Wetlands and grapes don’t mix – the saying is that grapes don’t like wet feet. At Gleason Brook Winery, we have an irrigation pond adjacent to a large wetland that sits well below the bench where the grapes are grown. Most of the time, grapes don’t t need irrigation – they send out deep roots. But newly planted vines may require some irrigation in their first two or three years if there is an extended period of low or no rainfall.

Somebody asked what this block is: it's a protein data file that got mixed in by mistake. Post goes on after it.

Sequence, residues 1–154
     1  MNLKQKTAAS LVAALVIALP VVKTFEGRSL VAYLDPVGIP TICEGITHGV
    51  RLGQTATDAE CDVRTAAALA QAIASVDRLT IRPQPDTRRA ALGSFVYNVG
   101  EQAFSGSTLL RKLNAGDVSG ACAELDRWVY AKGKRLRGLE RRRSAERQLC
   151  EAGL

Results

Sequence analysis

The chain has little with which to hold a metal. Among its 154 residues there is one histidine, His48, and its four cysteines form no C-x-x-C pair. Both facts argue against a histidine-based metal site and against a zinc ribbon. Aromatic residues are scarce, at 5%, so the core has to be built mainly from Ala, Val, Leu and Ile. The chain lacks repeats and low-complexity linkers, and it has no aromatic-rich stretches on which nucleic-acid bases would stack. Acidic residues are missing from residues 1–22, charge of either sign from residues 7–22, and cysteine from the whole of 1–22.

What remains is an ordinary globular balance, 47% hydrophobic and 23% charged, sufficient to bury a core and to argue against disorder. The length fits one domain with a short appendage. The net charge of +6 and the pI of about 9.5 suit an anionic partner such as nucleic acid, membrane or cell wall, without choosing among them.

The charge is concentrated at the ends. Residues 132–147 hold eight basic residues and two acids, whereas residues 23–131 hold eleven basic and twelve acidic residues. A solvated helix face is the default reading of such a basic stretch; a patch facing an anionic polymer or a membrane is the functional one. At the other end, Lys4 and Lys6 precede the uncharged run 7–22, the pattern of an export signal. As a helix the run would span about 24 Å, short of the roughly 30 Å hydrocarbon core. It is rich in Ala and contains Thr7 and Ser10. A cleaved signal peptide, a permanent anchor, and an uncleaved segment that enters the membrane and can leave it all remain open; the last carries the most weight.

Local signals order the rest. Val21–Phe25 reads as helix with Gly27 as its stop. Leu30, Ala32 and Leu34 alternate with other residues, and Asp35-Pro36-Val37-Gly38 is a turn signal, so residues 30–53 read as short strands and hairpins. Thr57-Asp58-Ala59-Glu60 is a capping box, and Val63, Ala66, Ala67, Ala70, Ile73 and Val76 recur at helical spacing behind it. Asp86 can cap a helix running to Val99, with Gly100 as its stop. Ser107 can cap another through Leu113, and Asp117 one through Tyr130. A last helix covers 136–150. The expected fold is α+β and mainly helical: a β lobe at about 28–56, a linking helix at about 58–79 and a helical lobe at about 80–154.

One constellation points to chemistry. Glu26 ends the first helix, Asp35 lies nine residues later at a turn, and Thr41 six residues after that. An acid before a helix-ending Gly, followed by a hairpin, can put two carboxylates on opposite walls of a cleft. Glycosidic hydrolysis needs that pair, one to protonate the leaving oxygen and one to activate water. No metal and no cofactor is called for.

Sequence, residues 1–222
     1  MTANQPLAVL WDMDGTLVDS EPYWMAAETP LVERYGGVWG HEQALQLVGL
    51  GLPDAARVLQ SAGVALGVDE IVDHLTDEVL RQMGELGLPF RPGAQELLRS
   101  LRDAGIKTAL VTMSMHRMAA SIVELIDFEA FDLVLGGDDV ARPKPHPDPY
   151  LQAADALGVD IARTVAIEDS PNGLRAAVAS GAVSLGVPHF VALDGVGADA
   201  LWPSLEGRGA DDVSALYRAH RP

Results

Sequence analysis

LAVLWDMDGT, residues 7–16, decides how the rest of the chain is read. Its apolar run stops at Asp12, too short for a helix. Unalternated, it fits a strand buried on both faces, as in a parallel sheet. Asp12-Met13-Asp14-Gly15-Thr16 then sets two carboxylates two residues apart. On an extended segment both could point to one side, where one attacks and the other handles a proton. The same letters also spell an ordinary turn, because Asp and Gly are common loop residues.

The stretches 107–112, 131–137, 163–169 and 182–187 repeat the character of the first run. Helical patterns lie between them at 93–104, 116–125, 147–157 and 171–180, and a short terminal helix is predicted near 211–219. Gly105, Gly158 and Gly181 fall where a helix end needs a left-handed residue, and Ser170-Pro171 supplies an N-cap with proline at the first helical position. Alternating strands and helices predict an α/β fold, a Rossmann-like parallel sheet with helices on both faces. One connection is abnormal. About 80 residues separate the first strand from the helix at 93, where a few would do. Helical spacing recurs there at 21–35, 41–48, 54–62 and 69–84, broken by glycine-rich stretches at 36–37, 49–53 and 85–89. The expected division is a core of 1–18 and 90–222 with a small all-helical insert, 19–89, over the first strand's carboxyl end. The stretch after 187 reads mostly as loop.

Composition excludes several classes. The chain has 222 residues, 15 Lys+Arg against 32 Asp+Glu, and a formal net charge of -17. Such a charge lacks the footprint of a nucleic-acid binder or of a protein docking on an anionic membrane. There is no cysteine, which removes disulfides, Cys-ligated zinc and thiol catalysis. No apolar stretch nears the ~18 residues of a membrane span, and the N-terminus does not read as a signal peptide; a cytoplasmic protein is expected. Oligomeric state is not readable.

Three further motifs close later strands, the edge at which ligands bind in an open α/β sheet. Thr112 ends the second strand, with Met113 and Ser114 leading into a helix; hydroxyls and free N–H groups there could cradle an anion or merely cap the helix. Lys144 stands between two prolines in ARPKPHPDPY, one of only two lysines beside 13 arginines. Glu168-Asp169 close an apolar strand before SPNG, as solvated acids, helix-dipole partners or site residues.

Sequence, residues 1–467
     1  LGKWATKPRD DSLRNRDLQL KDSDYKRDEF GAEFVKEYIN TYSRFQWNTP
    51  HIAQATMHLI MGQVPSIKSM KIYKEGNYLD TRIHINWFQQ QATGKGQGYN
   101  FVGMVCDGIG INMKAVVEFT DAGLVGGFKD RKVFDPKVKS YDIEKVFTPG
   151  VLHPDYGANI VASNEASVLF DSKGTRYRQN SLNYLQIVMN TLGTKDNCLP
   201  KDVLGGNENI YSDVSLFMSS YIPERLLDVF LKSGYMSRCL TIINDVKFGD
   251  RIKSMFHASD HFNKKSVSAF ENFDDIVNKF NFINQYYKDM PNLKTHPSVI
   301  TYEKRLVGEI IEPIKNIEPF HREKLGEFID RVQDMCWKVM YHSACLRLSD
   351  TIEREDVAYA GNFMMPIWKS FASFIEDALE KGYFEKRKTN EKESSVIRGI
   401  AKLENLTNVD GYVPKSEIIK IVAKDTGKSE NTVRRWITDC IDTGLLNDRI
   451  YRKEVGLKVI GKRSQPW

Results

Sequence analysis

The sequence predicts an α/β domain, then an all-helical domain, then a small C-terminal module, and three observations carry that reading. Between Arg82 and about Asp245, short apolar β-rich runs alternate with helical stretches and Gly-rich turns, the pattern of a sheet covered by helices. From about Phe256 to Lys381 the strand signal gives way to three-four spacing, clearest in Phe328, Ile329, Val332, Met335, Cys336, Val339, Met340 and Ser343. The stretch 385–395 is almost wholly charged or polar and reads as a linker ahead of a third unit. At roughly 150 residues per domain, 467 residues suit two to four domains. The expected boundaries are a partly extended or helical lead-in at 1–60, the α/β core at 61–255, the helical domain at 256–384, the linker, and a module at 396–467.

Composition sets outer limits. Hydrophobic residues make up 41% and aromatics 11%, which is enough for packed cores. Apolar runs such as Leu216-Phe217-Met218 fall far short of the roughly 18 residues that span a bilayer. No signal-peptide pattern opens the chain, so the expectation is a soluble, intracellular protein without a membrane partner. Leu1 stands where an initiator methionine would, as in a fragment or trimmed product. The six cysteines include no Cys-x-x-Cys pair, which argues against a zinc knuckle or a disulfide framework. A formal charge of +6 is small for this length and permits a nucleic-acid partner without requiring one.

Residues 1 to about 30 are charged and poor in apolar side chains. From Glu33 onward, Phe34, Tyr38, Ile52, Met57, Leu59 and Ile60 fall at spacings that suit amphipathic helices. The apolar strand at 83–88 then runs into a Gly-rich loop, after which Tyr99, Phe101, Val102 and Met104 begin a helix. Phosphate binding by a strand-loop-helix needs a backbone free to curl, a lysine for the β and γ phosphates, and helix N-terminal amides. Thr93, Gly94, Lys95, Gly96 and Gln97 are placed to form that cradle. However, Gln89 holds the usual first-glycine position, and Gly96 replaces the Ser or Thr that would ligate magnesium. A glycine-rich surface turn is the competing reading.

Most farm ponds are pretty sad from an ecological perspective. Excess nutrients and pesticides drain in from adjacent fields, limiting the types of flora and fauna that can exist there. At our winery, we don’t use pesticides, and fertilizer use is strictly controlled. As a result, the pond is teeming with life, including several species of frogs, fish, turtles, salamanders, and one species of water snake. Ducks and geese nest here in the spring, and great blue herons frequently try their luck at getting a free meal from the abundant frog population. Mink have also been observed working the edge of the pond. The pictures show some of the pond’s abundant wildlife.